At university, you will be expected to read large amounts of information. Rather than reading texts from start to finish, and use the key parts of a text (shown below) to help you select the most relevant parts.
Search for chapter headings related to your subject in the contents.
The introduction outlines key topics covered. Use it to decide if the source will be useful. In journal articles, read the abstract (which gives a summary of the entire piece) and the introduction.
Read the beginnings of chapters and first sentences of paragraphs to gain miniature overviews.
Visuals, headings and subheadings also give clues about content.
The conclusion summarises the key findings.
Search for words, names and phrases in the index to identify important pages.
Use Control + F (PC) or Command + F (Mac) to search digital documents.
Steps within reading: SQ3R
Try following the SQ3R sequence to aid reading.
Skim read to gain an overview of the source. Look at areas such as the contents, introduction and index page.
What do I hope to answer?
What key words or phrases will I search for?
How reliable is this source?
Pick a relevant area to read. Start by skim reading to gain a general understanding. Read again in more detail and note-take.
4.Recall & Review
Recap what you have just read.
Check your understanding and the accuracy of your notes. Consider taking further notes.
What to include in notes:
References: always capture the Harvard reference, including the page numbers for books and journals. Consider using an online tool such as Zoterobib.
Questions: make a list of what you hope to answer.
Key information: Arguments, quotations or examples that link to your research.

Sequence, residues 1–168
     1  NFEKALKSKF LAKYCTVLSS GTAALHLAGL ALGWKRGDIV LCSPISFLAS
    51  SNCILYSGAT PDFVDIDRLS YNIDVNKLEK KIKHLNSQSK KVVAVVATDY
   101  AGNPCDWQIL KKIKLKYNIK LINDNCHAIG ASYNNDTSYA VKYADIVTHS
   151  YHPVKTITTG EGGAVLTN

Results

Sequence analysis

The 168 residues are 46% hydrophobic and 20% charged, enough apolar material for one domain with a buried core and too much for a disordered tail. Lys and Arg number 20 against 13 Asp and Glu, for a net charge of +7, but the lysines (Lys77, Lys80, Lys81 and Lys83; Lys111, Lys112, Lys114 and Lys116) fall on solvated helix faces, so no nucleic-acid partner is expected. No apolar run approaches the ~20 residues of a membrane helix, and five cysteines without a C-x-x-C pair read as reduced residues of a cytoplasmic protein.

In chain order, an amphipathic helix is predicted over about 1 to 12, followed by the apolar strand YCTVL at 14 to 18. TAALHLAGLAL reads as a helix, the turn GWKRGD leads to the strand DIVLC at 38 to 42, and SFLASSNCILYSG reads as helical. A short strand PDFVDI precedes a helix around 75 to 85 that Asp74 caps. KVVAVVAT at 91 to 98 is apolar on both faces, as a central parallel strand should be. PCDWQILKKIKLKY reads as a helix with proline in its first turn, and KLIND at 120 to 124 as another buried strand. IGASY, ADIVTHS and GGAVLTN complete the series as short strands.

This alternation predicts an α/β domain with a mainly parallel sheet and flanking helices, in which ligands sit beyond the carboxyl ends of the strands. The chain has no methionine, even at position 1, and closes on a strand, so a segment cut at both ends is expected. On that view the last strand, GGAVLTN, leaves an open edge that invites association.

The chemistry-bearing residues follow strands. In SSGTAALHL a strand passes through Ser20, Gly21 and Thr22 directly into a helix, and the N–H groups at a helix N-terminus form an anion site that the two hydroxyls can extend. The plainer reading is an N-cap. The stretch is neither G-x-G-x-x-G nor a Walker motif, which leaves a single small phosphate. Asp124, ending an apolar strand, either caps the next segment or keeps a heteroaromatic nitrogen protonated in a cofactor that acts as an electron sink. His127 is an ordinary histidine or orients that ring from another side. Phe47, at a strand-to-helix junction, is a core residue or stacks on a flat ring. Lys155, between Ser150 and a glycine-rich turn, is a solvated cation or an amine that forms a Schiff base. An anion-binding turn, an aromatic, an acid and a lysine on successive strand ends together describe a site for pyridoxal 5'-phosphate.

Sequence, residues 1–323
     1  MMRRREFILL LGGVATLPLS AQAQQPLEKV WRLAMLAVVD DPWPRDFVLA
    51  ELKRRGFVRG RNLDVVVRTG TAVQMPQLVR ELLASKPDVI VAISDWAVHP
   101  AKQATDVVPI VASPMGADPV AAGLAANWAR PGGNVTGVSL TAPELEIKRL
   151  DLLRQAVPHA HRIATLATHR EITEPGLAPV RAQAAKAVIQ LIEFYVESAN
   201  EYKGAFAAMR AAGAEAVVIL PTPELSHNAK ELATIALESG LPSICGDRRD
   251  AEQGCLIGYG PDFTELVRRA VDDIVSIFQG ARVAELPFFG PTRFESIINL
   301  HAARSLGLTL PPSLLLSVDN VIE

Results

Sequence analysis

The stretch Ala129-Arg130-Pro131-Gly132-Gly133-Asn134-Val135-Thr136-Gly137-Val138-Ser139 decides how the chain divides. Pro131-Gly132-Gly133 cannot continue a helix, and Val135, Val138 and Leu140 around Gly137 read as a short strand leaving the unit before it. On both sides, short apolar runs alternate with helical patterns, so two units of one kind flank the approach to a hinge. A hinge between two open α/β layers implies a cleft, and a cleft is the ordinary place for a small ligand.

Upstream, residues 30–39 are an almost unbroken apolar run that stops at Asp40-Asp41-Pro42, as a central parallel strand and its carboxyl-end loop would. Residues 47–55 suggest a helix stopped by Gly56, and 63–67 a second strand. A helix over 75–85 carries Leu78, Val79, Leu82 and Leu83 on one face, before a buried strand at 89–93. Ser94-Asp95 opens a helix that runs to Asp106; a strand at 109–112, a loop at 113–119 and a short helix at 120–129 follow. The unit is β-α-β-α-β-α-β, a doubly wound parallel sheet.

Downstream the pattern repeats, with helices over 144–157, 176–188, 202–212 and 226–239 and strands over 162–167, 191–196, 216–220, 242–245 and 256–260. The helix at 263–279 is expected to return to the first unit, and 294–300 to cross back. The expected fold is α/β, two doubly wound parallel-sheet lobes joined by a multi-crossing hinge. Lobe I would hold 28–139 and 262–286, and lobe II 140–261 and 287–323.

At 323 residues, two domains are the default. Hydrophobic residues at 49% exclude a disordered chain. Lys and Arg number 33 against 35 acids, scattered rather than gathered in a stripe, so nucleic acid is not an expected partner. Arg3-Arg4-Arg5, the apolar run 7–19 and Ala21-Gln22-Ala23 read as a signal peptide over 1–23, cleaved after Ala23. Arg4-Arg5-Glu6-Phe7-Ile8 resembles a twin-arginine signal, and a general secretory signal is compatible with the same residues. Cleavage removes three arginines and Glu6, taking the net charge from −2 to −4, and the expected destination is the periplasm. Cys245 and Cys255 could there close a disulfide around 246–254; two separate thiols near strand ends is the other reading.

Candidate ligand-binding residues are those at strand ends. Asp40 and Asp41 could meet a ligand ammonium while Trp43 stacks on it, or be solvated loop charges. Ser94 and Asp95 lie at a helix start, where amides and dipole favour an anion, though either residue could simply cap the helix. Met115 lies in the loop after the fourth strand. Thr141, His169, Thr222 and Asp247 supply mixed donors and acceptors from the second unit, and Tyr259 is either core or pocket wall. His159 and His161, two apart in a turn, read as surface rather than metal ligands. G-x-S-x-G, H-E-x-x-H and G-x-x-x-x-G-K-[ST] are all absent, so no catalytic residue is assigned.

Your analysis: What does it show? How does it link to your research? How does it relate to other sources?
Next steps: consider further research such as names or areas to look at next.
* Tip: use the critical reading grid below as a prompt.
They can be hand drawn or made digitally with free software such as Xmind.
Start with the main idea in the centre. This could be an image or a word/phrase.
Create branches out from centre.
Write your main ideas as you add these branches.
Make smaller branches (associated ideas) stem from the main ideas.
Use images and symbols to represent ideas.
(Buzan, 2002, pp. 28-31)
4. Condensing information
A research matrix is one way of making sense of large amounts of information.
It is a table that helps you to summarise and compare different sources within your research.
The example below is structured for a classic literature review with sections for reference, summary, evaluation and use.
See the matrix templates in the blue downloadable guide below for more suggestions.
Coles, A. (2012). The transdisciplinary studio. Sternberg Press: Berlin
This book describes what we mean by studio practice through visits and evaluations of various artistic practices and studios as well as conversations and interviews.
Strengths • Studio based research and what it means today Weaknesses • Very text heavy – not great for a visual learner. Perhaps too focused on fine art (though that is the role of the book in fairness)
I will use this to determine my own methodologies around design from a multi-specialist background and to incorporate ideas from sustainable practices in other creative fields to influence my work in menswear.